In a ten-year national study by Shirley Brice Heath of Stanford University,
it was discovered that young people who are involved in highly effective
nonschool arts-based community programs in under-resourced communities,
in comparison with a national sample of students were:
* four times more likely to win an academic award, such as being on the
* eight times more likely to receive a community service award.
* three times more likely to win a school attendance award.
* four times more likely to participate in a math or science fair.
* likely to score higher on their SAT college admission test scores if
they have been involved for more than
four years of after-school arts study.
It is typical that those who fund school programs have seen the visual
and performing arts as frills
-- programs that can be added only when there is enough money for them, as well
as the first to be cut if there is a budget crisis.
In last week's column, I began a list of benefits that art brings to children,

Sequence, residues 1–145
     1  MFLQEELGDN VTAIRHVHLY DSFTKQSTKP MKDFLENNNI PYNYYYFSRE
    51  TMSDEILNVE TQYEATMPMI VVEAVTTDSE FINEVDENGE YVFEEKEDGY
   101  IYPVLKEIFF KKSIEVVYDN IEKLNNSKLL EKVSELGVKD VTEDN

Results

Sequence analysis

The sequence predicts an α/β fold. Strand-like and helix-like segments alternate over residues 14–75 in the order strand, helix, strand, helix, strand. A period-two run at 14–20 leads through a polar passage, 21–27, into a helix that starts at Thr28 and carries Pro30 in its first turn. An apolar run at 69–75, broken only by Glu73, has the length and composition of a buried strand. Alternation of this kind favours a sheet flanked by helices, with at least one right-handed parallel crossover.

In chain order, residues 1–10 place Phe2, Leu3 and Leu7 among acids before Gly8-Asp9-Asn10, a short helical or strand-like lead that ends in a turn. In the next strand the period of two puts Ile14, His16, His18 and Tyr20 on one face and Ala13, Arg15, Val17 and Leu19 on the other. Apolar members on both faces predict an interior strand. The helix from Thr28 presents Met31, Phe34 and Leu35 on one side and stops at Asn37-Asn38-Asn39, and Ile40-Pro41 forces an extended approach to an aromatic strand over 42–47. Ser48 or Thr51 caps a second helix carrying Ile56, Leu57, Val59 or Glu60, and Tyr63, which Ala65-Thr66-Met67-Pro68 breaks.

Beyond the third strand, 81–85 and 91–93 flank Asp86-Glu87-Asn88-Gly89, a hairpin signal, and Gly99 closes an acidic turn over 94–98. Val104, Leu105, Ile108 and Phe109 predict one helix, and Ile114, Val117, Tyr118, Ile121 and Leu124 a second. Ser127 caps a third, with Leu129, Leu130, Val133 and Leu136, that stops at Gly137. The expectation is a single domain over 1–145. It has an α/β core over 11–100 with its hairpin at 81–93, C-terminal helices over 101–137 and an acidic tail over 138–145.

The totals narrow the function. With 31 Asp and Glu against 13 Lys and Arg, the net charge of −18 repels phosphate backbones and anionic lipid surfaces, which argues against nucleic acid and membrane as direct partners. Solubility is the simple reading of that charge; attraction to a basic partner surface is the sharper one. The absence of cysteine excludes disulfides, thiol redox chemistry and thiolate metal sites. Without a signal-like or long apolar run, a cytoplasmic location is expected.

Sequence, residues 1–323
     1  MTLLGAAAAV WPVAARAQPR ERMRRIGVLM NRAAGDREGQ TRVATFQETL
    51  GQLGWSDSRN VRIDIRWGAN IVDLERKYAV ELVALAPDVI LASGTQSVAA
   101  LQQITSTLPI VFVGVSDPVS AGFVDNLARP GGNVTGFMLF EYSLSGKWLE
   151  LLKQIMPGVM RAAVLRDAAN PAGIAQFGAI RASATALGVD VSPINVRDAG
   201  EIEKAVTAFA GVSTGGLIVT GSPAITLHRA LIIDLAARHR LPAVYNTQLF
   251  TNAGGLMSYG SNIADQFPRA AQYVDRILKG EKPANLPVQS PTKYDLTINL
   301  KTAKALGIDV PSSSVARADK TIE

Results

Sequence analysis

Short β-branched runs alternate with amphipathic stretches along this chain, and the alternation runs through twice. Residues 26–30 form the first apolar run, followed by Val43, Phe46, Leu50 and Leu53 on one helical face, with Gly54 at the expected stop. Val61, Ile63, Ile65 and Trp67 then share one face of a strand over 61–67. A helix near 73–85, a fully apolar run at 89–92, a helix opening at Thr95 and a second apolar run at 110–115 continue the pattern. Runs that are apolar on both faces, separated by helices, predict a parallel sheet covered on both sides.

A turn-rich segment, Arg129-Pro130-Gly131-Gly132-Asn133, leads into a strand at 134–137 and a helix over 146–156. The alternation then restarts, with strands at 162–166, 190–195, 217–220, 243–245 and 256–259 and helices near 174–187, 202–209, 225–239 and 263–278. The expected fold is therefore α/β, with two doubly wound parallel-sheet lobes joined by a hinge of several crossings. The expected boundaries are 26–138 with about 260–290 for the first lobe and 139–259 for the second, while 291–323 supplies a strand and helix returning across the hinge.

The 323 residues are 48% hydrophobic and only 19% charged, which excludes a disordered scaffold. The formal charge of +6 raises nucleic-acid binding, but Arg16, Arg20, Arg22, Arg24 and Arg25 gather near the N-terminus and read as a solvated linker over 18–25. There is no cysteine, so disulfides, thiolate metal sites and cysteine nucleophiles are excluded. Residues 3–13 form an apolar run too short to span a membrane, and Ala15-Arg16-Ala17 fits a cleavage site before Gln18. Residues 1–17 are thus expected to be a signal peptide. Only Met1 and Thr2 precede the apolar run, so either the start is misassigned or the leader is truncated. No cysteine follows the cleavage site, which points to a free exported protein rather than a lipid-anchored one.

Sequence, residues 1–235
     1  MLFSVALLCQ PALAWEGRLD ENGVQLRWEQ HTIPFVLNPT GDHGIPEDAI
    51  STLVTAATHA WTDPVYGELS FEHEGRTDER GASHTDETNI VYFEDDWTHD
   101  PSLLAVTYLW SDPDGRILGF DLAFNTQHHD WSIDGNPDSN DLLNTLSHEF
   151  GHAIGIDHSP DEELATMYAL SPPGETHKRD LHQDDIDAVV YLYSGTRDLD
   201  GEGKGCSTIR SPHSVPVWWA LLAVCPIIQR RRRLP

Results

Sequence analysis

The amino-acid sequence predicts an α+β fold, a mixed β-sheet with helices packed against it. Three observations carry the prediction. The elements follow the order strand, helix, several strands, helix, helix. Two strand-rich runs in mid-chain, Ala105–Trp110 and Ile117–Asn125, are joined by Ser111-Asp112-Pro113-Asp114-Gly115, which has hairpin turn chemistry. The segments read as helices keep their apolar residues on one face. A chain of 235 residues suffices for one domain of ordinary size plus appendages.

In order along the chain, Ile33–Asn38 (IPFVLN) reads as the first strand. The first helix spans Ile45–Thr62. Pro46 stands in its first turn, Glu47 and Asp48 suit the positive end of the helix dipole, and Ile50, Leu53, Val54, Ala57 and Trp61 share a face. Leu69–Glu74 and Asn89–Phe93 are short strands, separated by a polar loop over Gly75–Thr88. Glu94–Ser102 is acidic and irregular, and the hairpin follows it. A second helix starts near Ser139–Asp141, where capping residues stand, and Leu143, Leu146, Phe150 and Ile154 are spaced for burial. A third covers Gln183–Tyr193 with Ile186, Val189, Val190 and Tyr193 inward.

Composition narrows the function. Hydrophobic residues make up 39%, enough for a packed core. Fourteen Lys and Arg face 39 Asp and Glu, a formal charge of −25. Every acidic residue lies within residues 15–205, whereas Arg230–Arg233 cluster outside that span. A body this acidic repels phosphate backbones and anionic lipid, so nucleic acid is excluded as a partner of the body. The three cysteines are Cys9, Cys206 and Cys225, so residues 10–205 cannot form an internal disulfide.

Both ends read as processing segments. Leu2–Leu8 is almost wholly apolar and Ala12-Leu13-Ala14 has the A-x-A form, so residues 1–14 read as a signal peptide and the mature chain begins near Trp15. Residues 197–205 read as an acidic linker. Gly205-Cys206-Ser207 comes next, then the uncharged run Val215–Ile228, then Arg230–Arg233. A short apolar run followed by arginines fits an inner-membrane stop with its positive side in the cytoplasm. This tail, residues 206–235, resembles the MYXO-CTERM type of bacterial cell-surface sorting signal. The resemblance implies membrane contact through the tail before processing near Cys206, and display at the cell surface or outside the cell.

as highlighted in a conversation with Aiko Cuneo, an artist who workswith
children in schools. Following is the completion of the list:
* Creating art is a fine way for children to make choices and solve problems.
Every step involves making a decision: what color to use, how to make a
line, what size to make something. With every choice the object becomes
more and more their own.
* Everyone has an imagination. Art takes it a step further. Through art,
children create something that, until
that point, was only imagined. Thus, they create visual manifestations
of abstract ideas.
* Children who may be having difficulties in other parts of the school
curriculum may find an expressive outlet
through art. Itís a way to uncover talent that may not be seen otherwise.
* Art is a means of communicating ideas, feelings, and solutions in a way
other than verbally or written.
Families can create a harmonious balance in their childrenís lives when
they make provisions for the
arts. Following are ideas to incorporate them into your home life.
This column has been incorporated into Teach Your Children Well: A Teacherís
Advice for Parents.